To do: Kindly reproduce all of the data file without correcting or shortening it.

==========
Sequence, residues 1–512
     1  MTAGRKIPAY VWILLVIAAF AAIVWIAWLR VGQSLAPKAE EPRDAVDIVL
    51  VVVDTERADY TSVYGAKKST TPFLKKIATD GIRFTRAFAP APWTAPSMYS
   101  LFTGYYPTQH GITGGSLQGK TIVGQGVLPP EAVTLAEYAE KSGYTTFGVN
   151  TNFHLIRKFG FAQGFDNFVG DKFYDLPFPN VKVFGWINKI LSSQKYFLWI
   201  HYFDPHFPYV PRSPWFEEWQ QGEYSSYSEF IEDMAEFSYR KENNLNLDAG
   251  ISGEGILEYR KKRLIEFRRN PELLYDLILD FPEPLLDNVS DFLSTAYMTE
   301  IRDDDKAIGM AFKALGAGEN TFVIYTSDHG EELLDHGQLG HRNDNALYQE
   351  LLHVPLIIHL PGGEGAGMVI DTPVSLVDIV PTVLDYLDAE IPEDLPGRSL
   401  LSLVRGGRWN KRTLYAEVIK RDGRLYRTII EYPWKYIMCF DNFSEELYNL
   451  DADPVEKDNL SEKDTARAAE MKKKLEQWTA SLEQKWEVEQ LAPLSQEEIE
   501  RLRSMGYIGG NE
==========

Sequence, residues 1–512
     1  MTAGRKIPAY VWILLVIAAF AAIVWIAWLR VGQSLAPKAE EPRDAVDIVL
    51  VVVDTERADY TSVYGAKKST TPFLKKIATD GIRFTRAFAP APWTAPSMYS
   101  LFTGYYPTQH GITGGSLQGK TIVGQGVLPP EAVTLAEYAE KSGYTTFGVN
   151  TNFHLIRKFG FAQGFDNFVG DKFYDLPFPN VKVFGWINKI LSSQKYFLWI
   201  HYFDPHFPYV PRSPWFEEWQ QGEYSSYSEF IEDMAEFSYR KENNLNLDAG
   251  ISGEGILEYR KKRLIEFRRN PELLYDLILD FPEPLLDNVS DFLSTAYMTE
   301  IRDDDKAIGM AFKALGAGEN TFVIYTSDHG EELLDHGQLG HRNDNALYQE
   351  LLHVPLIIHL PGGEGAGMVI DTPVSLVDIV PTVLDYLDAE IPEDLPGRSL
   401  LSLVRGGRWN KRTLYAEVIK RDGRLYRTII EYPWKYIMCF DNFSEELYNL
   451  DADPVEKDNL SEKDTARAAE MKKKLEQWTA SLEQKWEVEQ LAPLSQEEIE
   501  RLRSMGYIGG NE